New Year – New Job? A client despairing of trying to differentiate between applicants sent me this list, they had received four job applications for an administrator that were almost identical.
Key Skills & Qualities
- Self-motivated, reliable & responsible worker
- Very strong interpersonal communication skills
- Team player with ability to work on own initiative when required
- Flexible, adaptable, someone who pays attention to detail
- Helpful, accommodating, friendly and courteous
- Good keyboard skills
- Computer Literate, good knowledge of all packages
- Full Driving Licence
- DBS checked
“What should I do?” was the question, “when we interview we have to ask identical questions, and can’t tease answers out of people. If we go in any way “off piste” we run the risk of having a complaint levelled against us from an unsuccessful applicant”.
It’s not easy and I felt for them. The challenge is there no matter what post you are seeking to fill. A few years ago I sat in on the recruitment interviews for an associate position in a private practice. Again the CVs were all laid out in the same way. “Self-motivated, team player etc”. The individuals had all brought portfolios of their work, all showed lovely post-treatment photographs but none had any taken 5 years down the line.
From what we could judge they all had 100% success rates – but in their position what would I have done? In hindsight one question we should have asked was, “tell us about your failures” and then taken note of their body language. Anyone can look good on paper and will always show their best photographs. It’s what someone does when things go wrong that marks them out.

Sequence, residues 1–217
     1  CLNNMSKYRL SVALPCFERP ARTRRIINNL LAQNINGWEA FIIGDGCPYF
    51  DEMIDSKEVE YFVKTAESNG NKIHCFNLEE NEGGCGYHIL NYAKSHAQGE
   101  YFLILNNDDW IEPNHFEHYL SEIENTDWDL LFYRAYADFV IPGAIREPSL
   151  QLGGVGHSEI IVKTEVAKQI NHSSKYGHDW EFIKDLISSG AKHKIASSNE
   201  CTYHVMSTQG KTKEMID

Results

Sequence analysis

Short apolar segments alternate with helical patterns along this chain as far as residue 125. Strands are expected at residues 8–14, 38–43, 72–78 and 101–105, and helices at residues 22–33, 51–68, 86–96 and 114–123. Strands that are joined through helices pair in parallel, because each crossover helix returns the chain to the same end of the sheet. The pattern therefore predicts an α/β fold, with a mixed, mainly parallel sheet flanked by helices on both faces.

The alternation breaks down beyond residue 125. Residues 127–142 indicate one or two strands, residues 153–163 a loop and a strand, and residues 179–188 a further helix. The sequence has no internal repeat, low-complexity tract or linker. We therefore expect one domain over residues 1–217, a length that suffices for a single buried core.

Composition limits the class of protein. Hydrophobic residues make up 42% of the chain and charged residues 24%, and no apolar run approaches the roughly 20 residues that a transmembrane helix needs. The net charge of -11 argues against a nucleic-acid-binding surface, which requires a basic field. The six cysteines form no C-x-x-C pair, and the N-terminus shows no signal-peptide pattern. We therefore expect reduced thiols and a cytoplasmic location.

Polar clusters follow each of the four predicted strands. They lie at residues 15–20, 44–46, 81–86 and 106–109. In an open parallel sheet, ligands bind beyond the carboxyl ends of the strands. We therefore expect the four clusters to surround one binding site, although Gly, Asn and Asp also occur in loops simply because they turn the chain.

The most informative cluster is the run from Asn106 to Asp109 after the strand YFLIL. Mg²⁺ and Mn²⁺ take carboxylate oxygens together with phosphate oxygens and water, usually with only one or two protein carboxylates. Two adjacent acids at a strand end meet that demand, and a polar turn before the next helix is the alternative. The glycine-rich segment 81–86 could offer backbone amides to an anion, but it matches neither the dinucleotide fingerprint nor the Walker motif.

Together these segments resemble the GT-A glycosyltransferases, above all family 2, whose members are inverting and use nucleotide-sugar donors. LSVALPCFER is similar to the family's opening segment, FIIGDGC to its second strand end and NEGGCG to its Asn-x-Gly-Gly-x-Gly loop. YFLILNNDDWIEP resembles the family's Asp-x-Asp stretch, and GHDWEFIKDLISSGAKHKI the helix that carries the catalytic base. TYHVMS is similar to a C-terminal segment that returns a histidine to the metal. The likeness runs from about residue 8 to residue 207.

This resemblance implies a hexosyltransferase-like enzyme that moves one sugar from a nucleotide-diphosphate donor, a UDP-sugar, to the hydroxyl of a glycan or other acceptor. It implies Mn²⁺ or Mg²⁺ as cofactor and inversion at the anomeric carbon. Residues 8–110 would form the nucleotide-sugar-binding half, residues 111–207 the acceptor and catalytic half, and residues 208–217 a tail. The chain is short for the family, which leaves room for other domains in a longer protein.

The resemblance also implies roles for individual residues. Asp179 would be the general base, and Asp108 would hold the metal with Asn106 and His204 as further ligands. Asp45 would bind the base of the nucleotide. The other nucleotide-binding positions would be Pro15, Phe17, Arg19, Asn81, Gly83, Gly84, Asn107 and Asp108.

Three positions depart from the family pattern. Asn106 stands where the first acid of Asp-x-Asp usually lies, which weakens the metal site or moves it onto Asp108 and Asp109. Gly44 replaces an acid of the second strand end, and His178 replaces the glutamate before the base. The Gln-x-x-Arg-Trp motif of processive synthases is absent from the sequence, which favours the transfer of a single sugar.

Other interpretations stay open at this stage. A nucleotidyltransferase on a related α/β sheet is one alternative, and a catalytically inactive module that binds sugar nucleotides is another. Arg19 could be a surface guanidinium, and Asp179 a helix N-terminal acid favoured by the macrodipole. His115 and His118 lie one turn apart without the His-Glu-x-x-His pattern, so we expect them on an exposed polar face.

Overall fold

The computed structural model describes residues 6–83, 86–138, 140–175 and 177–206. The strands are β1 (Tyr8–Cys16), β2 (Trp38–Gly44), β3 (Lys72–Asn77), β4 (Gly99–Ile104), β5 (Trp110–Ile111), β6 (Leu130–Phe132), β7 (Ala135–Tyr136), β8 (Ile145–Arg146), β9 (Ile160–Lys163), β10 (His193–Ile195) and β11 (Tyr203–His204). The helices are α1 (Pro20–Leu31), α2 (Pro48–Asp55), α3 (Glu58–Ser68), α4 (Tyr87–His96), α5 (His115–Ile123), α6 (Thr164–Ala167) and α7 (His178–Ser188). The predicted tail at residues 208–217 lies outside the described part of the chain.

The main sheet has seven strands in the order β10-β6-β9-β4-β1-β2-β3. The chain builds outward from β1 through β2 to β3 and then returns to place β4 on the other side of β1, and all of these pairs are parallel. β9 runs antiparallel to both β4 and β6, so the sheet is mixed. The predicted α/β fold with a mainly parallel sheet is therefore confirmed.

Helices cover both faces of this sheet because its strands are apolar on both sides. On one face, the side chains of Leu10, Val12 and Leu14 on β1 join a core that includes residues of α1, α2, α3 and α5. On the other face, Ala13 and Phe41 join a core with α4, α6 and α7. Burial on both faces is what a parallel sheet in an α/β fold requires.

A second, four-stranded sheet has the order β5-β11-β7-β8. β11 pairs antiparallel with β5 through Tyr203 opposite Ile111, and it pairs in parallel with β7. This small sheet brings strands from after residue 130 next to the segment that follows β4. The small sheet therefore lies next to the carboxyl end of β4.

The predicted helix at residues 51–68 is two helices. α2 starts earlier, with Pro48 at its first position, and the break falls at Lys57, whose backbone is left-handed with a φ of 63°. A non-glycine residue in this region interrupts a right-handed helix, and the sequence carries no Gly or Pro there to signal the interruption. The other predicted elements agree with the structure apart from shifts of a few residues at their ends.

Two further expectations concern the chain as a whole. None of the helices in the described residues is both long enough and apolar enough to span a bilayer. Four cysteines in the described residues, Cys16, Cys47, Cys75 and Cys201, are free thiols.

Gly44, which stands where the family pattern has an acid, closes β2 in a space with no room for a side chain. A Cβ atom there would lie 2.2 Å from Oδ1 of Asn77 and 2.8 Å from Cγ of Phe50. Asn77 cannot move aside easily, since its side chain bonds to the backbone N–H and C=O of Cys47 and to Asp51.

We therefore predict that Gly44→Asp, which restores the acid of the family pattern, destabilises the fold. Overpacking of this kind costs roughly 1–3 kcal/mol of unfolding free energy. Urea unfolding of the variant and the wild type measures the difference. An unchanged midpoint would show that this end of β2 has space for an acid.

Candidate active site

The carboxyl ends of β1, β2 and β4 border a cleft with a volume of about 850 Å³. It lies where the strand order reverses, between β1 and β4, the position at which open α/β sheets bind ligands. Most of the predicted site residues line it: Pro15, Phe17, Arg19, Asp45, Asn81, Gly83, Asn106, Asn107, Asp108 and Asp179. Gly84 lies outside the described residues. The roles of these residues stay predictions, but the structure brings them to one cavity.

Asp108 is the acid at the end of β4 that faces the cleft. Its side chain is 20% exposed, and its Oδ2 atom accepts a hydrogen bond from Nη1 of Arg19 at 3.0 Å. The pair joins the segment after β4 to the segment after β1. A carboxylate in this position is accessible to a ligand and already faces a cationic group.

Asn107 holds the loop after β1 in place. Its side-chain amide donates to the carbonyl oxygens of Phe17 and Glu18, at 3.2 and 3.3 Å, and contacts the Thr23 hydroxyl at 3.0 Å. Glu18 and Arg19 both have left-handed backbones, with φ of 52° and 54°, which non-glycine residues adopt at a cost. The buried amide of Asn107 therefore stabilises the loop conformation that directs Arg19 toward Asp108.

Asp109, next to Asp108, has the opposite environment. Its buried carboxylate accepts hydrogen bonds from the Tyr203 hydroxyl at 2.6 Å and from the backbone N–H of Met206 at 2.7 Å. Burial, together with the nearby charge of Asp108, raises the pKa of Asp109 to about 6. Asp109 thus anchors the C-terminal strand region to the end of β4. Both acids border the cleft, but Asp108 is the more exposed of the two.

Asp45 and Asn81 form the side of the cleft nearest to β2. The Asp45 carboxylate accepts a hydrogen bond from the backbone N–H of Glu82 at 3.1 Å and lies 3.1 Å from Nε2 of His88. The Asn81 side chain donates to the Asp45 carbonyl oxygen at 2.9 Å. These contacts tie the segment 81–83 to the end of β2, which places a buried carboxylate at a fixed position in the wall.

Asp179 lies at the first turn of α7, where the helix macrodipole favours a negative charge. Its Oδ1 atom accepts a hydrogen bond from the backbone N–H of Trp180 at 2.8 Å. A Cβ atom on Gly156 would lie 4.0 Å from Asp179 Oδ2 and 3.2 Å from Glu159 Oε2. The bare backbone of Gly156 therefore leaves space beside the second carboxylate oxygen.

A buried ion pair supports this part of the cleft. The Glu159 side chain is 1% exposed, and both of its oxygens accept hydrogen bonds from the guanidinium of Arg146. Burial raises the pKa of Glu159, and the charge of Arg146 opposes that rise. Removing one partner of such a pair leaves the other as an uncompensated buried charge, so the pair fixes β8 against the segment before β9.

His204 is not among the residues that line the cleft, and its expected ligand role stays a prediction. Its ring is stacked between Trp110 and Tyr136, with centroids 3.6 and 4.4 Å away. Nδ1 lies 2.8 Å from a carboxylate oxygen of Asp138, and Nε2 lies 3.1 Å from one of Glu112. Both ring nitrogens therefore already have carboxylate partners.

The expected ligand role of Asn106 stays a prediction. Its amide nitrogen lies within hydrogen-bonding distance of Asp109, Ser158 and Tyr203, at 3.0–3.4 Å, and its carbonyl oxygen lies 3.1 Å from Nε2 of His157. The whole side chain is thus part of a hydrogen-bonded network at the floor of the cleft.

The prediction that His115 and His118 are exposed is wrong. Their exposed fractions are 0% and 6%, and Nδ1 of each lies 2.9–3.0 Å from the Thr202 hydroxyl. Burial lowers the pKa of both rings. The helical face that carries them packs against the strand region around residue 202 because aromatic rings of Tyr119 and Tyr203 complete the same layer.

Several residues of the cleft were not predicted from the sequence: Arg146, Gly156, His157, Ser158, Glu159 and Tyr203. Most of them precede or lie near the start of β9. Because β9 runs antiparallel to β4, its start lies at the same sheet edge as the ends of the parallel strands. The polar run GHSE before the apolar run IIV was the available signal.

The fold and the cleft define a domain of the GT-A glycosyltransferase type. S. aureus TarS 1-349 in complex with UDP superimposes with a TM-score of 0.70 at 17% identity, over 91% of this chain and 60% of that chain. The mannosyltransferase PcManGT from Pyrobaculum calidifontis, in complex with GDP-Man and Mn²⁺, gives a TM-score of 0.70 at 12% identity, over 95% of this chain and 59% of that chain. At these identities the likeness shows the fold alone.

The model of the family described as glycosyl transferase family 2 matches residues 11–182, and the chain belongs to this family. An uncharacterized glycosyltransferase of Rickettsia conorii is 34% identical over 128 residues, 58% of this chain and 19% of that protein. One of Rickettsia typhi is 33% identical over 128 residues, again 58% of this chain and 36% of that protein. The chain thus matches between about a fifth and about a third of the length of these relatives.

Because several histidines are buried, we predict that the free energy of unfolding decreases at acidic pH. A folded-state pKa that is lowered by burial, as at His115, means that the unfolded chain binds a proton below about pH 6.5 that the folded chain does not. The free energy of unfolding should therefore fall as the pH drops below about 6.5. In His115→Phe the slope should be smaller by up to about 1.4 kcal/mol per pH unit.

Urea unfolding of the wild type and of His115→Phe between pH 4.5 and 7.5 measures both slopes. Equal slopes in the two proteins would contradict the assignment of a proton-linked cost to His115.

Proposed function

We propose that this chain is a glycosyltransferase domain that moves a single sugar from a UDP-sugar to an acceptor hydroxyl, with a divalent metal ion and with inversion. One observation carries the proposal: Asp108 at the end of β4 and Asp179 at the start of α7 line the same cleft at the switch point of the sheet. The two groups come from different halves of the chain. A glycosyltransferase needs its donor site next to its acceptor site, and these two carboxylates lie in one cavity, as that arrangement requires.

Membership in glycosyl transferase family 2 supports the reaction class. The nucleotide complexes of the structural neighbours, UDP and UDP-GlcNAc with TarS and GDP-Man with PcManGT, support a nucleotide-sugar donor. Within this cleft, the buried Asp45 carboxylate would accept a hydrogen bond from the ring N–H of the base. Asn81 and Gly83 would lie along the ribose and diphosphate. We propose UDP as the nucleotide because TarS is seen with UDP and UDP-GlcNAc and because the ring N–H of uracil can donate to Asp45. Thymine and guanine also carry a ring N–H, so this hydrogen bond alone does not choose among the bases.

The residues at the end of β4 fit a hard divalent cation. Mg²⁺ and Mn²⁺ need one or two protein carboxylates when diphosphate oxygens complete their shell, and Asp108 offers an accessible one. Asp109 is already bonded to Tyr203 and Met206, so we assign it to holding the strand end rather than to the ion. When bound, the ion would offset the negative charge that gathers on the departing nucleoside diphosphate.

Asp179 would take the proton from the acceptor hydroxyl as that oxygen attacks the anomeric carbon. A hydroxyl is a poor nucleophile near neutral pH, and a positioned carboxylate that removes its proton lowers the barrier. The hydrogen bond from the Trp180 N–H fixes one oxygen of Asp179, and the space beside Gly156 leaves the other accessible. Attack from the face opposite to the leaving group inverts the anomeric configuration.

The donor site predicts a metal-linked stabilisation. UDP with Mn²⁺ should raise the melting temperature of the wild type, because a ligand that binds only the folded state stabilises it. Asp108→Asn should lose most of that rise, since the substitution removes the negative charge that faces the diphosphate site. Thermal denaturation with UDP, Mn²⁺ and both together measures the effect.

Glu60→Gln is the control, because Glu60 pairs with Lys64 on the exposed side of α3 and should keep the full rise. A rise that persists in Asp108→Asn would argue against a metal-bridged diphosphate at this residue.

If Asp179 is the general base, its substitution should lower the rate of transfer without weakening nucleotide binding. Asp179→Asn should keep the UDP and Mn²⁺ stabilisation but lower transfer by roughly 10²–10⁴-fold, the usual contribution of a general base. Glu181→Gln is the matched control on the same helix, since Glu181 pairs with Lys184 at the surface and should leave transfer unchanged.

At my first interview post-qualification I was grilled by a panel of professors and consultants. I had decided before I sat and faced them, that I had no hope of being appointed so I told the truth, warts and all. I was then sent for a chat and a look round with the Dean’s secretary, who found out far more abut me.
I got the job. 20 others did not.
Tips on interviewing:
- Avoid cliches – people know what to expect.
- Don’t be afraid of people who are not an “exact fit” – beware love at first sight.
- Focus on behavioural and situational questions.
- Beware of biases – know yourself.
- Shut up and listen.
- Prepare and give of your best.
- Don’t make your mind up until after the person has left. There is little to be gained from rushing.
As for the CV – there are hundreds of sites on line telling you “how to”, why not ask someone who is in the business of reading CVs regularly what they look for and how you can differentiate yourself.
Finally don’t forget what you have put in it – it’s embarrassing when you are asked about a claim that is false, I have seen that happen too.